In the August, 2016 article on lionsroar.com, Lama Willa discusses how the teachings of Mahamudra can help transform our relationship to meditation.
BY WILLA MILLER
AUGUST 26, 2016
Mahamudra, or “the great seal”—along with Dzogchen, “the great perfection”—is one of the simplest forms of meditation in the Tibetan tradition. In its most essential form, it is the art of just being. It is also one of the most difficult practices to successfully cultivate precisely because it is so simple.
We are naturally complex creatures, prone to taking a simple moment of experience—a sensory experience, a thought, or a feeling—and spinning a web of concepts around it. It is a real challenge, for example, to simply observe a thought without getting involved in its orbit. We tend to follow, resist, or judge our thoughts. Pretty soon, what started as a simple thought becomes a complex network of concepts and ideas accompanied by a swirling eddy of emotion and reactivity.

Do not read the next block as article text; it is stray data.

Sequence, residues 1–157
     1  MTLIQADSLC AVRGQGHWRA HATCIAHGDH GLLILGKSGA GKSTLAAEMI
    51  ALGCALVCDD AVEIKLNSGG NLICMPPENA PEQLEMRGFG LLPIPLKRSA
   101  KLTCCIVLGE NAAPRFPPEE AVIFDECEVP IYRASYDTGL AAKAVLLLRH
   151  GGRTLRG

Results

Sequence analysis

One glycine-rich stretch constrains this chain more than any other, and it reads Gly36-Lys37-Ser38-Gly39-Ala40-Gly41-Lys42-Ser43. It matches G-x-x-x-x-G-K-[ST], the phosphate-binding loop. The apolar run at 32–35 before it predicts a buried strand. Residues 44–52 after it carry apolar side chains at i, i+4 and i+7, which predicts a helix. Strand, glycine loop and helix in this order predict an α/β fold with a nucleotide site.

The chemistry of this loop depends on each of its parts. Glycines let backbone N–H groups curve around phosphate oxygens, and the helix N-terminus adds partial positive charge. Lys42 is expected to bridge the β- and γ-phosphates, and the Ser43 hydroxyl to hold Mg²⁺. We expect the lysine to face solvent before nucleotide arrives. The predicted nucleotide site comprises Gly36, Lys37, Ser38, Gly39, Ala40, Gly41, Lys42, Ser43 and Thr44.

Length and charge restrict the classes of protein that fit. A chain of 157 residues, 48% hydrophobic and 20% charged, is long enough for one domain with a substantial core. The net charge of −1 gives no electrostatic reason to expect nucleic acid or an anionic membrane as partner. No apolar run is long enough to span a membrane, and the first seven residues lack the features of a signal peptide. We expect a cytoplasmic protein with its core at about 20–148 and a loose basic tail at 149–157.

The same goes for our relationship to meditation. It is challenging for us to take a simple instruction such as “meditate on the breath every day” and just do it. Instead, we get involved in a vortex of thinking about the practice, framing the practice, resisting the practice, and comparing and judging our practice against a perceived ideal. Sometimes we even create a new identity around meditation practice. Whereas before we called ourselves a nurse, a teacher, a barista, or a jogger, now we are—in addition—a meditator, with all the self-concepts that accompany that label.